Debbie’s book dispels all the old myths (reassuring your dog is okay!), and outlines creative ways for owners to help their fearful dogs cope and begin to love life in an easy-to-read-and-understand style. She is careful to say that there is no cookie-cutter approach to rehabbing a fearful dogs; each one is different–requiring keen observation before determining a modification program. She covers the triggers and thresholds of fearful dogs, how to recognize them, and what to do about them. “You can’t force a dog not to be afraid of something.” That’s so true…
Listen to The Bark Out Loud Podcast!
Want more? Join us on Bark Out Loud Monday, March 7! Here’s the podcast of Debbie’s frank and honest discussion about fearful dog behavior, then she’ll be available for a chat in our Dog Den at 9pm EST! I’ll be there, hoping to gain more nuggets in helping Luna on her continued journey to a calmer life. Won’t you join me?
Who can resist puppies? Oh so cute! Cuddly! As a dog-savvy person, you’ve probably been successful at raising a pup. But, as they say, it takes a village.
When my friend Beth in Utah asked me if I had reading and other material that would help her choose and raise a young dog, I was all over it. Wow, do I have resources! I love my favorite, dog-eared pet behavior and training books–numbering over 200! Then there are the my favorite DVDs, blogs, articles, handbooks, and and and… But what to choose for this situation, without overwhelming a neophyte?
I have my ideas, but I’d love to hear yours, so I can give her the best information possible.
Here’s the deal: Beth and her husband have never had dogs before; only cats. They aren’t sure what kind of pup they should get for their lifestyle; they just knows they’d like a young, two-to-four month old that would grow to “medium-sized, one who loves being a laid-back companion, one who likes hiking, but doesn’t need too much fast-paced exercise stuff.” Beth’s husband works 12-hour shifts, often at night, while she herself works at home. And, she wants a rescue, especially since she lives right by Best Friends Animal Society. They’re open to positive, reward-based training.
If someone asked you to recommend your favorite resources for those parameters, what would they be? I’d love to hear what I need to add to my library, too!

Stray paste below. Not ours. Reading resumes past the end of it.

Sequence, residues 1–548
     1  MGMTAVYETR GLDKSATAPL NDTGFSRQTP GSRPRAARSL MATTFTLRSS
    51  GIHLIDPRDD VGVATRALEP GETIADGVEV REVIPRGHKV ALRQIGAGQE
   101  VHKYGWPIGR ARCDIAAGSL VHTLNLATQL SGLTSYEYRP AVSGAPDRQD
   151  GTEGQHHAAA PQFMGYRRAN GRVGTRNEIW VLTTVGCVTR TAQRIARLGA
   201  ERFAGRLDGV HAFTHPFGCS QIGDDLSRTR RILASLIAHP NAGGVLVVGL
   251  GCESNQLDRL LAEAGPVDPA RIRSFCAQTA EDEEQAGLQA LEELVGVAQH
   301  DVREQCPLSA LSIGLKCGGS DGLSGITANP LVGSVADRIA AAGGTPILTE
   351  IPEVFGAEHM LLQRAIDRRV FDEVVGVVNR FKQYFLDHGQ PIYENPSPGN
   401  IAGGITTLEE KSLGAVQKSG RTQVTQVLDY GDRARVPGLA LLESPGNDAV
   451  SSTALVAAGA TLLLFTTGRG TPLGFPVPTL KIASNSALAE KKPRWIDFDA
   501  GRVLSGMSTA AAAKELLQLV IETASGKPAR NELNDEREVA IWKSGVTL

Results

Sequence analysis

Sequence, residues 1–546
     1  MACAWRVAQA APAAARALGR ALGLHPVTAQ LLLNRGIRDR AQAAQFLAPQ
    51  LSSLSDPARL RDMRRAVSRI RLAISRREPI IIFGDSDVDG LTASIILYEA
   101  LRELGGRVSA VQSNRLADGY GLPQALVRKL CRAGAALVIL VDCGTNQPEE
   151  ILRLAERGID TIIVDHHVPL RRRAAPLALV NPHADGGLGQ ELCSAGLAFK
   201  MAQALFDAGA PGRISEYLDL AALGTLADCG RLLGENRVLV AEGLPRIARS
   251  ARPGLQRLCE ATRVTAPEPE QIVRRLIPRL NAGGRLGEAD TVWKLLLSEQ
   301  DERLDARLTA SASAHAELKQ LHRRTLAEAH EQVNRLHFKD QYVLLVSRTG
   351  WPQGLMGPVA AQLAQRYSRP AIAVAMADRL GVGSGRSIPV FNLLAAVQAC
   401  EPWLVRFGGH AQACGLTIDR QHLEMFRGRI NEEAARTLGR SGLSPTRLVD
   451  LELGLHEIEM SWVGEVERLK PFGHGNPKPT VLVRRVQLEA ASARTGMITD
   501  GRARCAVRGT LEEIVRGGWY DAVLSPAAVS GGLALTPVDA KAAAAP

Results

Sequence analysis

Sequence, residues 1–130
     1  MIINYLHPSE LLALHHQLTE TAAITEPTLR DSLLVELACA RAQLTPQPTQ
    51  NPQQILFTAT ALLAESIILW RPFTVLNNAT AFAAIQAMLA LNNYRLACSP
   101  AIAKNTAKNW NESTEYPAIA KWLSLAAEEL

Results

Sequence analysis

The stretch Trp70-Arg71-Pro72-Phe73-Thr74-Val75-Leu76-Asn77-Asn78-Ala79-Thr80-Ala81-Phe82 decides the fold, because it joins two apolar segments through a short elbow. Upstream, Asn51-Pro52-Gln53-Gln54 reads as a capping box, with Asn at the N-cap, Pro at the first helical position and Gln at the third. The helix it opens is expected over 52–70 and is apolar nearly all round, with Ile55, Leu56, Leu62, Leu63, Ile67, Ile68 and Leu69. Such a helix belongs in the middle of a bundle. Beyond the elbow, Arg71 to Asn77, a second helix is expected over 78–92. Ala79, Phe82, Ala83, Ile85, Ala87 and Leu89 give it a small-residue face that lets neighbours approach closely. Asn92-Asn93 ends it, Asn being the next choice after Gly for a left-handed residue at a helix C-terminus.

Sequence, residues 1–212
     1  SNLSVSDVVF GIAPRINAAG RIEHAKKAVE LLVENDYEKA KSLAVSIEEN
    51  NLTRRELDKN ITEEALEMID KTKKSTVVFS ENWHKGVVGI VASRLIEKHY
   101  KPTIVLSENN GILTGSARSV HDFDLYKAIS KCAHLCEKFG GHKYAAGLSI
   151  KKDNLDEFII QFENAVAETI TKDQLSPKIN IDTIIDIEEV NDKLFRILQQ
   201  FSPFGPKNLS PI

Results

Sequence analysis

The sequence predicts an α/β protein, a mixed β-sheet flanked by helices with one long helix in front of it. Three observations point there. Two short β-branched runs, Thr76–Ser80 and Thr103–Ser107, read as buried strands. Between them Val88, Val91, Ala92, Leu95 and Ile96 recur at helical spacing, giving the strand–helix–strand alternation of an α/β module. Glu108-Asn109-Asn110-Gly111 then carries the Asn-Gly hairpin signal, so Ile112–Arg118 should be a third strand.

This post is part of the #reverb10 project that provides daily topics throughout December to help us reflect on the past year and sets intentions for the year ahead.
Today’s topic: Appreciate. What’s the one thing you have come to appreciate most in the past year? How do you express gratitude for it?
This year has been busy. In a good way, but also in an overwhelming way. Although I appreciate so many eclectic and creative things, the one thing that I most appreciate is time to myself. Reading. OK, mostly reading books about dogs and their behavior (one can never learn enough).
My dog Frisbee and I read together. (Luna, well, she gets too bored–prefers squirrel watching and anything other than relaxing!).
Friz and I started our reading routine almost a decade ago, when he passed his Animal Assisted Therapy test at the Humane Society of Boulder Valley. Two of our assignments were helping children read books at our local library, and working at a bi-lingual educational center, where Frisbee assisted children in learning English. We picked up a rhythm. Kids read, he listened. He looked at pictures. He snoozed. He snored. But he was there, always a calming presence.
Frisbee and I so appreciate well-written, informative, entertaining, and conversational books on any pet topic. In this photo, he’s surrounded by just a few of his several hundred favorites:
- Am I Boring My Dog and 99 Other Things Every Dog Wishes You Knew, by Edie Jarolim
- Barking: The Sound of a Language, by Turid Rugaas
- The Other End of the Leash: Why We Do What We Do Around Dogs, by Patricia McConnell
- Bones Would Rain From the Sky: Deepening Our Relationships With Dogs, by Suzanne Clothier (he’s rereading that now, as you can see)
- The APDT Chronicles of the Dog, a bimonthly educational publication for members of The Association of Pet Dog Trainers
And, to help solve his sister Luna’s health issues (and to make sure I’m taking good enough care of him), Frisbee just ordered The Healing Art of Pet Parenthood, by Nadine M. Rosin.
Expressing gratitude to the authors I appreciate means that I purchase their books; writing is a tough, underpaid, and often under-appreciated, profession. The information, talent, and entertainment they provide helped me further my dog training/pet health knowledge more than they will ever know!